Loreto Abbey, a well-know 291 year old Georgian building in Rathfarnham, has been sold to the Department of Education.
The sale was handled by property consultants, Savills, on behalf of the Receiver, David Carson of Deloitte.
The building is located on a site of approximately 4.5 acres in a sought-after residential area of Rathfarnham in South Dublin.
The Department of Education plans to use the site for the new Irish Language post-primary school Gaelcholáiste an Phiarsaigh which is due to open in September 2014.
The Abbey – where Mother Teresa studied English – is steeped in history. The main building was formally known as Rathfarnham House and was built in 1725 by William Palliser, the only son of the Right Reverend William Palliser. In 1821 Archbishop Murray of Dublin purchased the property for the Irish Branch of the Institute of the Blessed Virgin Mary. From 1823 to 1999 it was operated as a boarding school.
Following its closure in 1999, the building and surrounding site was acquired by Riversmith Limited, who developed the adjoining residential complex in the grounds. The conversion of Loreto Abbey to a nursing home was part of the overall Masterplan for the site. However, this phase of the development did not proceed.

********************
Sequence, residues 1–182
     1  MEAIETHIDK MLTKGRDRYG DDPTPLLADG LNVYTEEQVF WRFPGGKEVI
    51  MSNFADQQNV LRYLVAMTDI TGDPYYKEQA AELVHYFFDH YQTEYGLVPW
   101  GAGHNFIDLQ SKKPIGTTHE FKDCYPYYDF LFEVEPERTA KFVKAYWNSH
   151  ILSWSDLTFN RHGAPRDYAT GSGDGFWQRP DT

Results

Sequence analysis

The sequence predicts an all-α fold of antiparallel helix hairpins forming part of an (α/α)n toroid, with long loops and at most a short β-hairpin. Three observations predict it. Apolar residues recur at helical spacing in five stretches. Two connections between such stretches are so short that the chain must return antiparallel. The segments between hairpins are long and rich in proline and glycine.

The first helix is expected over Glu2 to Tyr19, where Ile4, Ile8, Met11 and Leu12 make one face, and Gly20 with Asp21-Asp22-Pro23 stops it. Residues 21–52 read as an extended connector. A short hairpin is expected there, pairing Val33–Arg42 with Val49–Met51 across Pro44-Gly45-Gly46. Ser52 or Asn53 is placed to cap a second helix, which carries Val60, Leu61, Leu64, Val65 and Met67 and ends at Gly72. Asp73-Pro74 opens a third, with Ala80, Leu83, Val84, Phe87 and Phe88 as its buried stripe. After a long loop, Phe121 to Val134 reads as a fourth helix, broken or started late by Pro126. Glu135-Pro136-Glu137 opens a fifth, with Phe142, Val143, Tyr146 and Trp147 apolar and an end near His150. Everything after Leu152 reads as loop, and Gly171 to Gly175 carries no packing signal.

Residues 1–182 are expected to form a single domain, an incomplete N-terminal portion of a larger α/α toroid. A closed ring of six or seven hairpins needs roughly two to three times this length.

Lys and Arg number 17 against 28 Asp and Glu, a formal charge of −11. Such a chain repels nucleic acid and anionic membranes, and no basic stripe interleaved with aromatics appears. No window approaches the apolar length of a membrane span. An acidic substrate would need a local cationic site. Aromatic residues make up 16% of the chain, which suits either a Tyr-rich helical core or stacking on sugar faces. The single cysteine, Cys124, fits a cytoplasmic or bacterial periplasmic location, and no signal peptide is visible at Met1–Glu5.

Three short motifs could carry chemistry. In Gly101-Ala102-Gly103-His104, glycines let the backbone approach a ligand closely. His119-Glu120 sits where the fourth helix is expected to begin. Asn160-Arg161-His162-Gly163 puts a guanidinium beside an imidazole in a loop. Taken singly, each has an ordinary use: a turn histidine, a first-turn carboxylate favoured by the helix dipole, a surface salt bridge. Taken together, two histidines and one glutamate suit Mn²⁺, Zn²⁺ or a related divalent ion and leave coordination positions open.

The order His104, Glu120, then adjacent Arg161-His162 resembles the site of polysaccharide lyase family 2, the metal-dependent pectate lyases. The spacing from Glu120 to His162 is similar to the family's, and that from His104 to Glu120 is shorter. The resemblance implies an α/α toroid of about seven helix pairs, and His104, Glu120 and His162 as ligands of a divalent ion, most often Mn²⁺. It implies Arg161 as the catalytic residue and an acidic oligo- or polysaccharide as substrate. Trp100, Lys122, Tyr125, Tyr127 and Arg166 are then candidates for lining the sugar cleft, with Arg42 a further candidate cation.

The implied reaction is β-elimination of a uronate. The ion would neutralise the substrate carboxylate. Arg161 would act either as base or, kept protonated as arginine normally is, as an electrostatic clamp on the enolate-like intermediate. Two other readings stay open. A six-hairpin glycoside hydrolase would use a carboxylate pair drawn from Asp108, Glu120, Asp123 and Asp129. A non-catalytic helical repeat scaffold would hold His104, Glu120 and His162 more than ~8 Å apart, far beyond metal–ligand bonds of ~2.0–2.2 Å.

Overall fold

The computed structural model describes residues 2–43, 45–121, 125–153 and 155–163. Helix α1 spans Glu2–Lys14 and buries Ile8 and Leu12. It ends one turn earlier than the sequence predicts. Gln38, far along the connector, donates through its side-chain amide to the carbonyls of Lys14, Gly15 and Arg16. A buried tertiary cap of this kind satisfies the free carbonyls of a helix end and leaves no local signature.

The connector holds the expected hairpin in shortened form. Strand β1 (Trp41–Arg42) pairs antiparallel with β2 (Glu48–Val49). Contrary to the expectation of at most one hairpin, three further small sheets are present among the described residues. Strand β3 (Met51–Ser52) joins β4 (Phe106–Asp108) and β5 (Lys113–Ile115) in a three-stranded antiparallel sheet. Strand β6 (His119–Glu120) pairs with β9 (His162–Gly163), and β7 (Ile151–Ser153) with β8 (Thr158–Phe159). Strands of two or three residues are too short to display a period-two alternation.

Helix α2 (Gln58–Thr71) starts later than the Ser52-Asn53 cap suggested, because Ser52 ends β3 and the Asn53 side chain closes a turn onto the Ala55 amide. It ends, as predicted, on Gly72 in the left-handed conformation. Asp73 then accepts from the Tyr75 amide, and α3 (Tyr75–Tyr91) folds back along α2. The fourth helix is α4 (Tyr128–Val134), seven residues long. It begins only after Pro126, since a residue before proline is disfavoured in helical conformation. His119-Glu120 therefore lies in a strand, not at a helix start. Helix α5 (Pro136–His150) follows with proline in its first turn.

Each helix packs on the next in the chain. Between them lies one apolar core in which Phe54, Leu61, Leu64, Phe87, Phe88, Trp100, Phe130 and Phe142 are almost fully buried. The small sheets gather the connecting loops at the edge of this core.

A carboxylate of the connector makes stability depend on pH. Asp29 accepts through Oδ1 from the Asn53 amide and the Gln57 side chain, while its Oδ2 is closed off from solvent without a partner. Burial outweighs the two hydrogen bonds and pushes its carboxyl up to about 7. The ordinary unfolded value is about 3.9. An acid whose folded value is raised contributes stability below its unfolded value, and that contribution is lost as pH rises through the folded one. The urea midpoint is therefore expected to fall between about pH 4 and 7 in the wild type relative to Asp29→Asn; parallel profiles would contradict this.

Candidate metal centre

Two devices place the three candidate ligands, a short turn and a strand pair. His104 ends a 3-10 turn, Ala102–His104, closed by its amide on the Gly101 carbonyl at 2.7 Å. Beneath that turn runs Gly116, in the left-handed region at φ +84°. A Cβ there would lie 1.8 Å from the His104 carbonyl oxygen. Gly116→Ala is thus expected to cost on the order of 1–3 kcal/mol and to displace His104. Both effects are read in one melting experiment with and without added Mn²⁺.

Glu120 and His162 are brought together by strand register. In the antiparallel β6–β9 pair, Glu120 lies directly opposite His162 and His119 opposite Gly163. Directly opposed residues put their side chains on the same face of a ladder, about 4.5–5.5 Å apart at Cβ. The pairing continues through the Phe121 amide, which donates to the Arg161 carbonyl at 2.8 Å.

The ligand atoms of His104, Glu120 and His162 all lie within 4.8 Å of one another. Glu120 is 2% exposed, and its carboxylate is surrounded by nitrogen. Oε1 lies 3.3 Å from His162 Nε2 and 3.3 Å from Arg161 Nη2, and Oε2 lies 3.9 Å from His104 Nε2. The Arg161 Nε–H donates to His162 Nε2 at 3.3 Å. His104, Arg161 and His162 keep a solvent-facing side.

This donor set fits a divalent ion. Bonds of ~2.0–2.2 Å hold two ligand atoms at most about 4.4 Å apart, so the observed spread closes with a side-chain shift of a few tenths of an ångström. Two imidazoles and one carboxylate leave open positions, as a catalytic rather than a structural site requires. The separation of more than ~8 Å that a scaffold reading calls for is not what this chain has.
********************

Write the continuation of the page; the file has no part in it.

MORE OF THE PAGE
There were extensive renovations carried out on the buildings to weather proof the fabric prior to the launch of the property on the Open Market in September 2013. Savills had a wide range of enquiries ranging from developers and speculators to owner occupiers and institutional bodies.
Jill Horan of Savills, who handled the sale on behalf of Mr. Carson of Deloitte, said, “We are delighted to have been involved in such a unique sale, and good news story, which will see Loreto Abbey restored it to its former purpose – a school. The main building is one of the most attractive examples of Georgian architecture in the Dublin region and the buildings and surrounding site lend themselves perfectly for use as an educational facility.”
The sale of Loreto Abbey comprised of a number of buildings, including, the main Georgian house, a church building, north and south gate lodges, and a concert hall, which, in total, comprised of 92,860 sq. ft.